New employees learn the unwritten rules by:
Observing their coworkers and seeking the advice of trusted coworkers.
The most successful employees in every workplace have one trait in common:
A strong work ethic.
Having a strong work ethic means that these workers:
Have an inner drive to do their jobs well.
Strong work ethic includes employees that:
•Set goals and are persistent in meeting those goals
•Make sure they understand assignments and stick with tasks until they are finished.
•Develop efficient work processes and check their work before they turn it in.
•Comple their work with little supervision.
•Maintain their self- ontrol in difficult or rushed situations.
•Are loyal to their organization and represent it well to outsiders.
Effective problem solving and critical thinking at work sometimes involves:
Dealing with an ethical dilemma.
If you are not sure what to do in an ethical situation, start by asking yourself these questions:
•Would I be violating any laws or policies?
•Do I have the proper consent?
•Will my decision be fair and respectful?
•What are the consequences of my actions? Will anyone benefit or suffer from my actions?
•How will my decision make me feel about myself? Will I be proud of my actions?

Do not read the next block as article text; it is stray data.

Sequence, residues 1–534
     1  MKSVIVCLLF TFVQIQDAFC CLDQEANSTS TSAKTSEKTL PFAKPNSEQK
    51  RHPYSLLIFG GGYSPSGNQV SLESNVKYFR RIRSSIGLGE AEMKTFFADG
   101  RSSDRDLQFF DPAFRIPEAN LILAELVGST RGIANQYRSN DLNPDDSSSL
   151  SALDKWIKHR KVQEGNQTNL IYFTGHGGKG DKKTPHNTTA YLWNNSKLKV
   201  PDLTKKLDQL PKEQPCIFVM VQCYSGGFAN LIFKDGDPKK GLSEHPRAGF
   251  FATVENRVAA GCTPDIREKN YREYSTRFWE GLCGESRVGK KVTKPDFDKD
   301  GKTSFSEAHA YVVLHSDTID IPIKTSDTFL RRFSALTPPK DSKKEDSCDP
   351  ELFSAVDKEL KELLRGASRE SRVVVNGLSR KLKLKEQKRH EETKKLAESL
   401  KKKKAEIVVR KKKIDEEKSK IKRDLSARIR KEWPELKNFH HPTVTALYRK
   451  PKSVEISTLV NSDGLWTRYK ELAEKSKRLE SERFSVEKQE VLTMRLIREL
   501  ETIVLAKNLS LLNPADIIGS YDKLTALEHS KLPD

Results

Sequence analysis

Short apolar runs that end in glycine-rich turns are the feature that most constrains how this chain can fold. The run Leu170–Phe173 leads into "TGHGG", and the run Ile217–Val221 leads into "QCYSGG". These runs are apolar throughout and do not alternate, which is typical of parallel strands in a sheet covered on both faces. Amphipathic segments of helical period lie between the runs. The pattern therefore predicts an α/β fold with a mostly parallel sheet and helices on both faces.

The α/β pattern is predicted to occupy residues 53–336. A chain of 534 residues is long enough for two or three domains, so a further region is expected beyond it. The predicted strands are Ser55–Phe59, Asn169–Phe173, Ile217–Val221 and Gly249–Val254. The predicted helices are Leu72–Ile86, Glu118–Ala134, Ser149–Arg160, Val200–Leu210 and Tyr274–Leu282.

In an ethical dilemma, think about the situation carefully and:
•Gather as much information as you can
•If you have any reservations about an action, don't let yourself be talked into doing it
•If you do something unethical, you are the one who must live with the loss of your reputation and with the consequences
•Protect your long-term career by demonstrating your personal integrity and ethics
Nothing will damage your career as drastically as:
Losing your reputation for being ethical.
Guidelines or accepted standards about what is right or wrong.
Business ethics is the:
Application of ethical principles in a business environment.
The principles of business ethics apply to:
individual employees and to the entire organization.
Employers and employees expect one another to show integrity in the workplace. Among other things, employees can expect employers to:
•Provide a safe, healthful, reasonably comfortable workplace.
•Provide tools, equipment, and supplies employees need to do their jobs properly and safely
•Treat employees equally without regard for their sex, age, ethnicity, race, religion, physical ability, or lifestyle. •Base raises, bonuses, and promotions on merit and productivity, not on personal relationships
Employees can also expect from employers to conduct an:
•Honest, responsible business.
•If the company produces products, they should be safe and effective and the advertisements for the products should be honest. If the business provides a service, the best interests of customers and clients should be the driving force behind the way business is done.
Employers are also expected to:
•Keep accurate, honest records and accounts.
•Respect the environment.
•Follow local, state, and federal laws.
Many companies and professions have an official code of ethics, which provides:
Written guidelines for workers to follow based on specific ethical standards and values.
The official code of ethics and business conduct is often available on: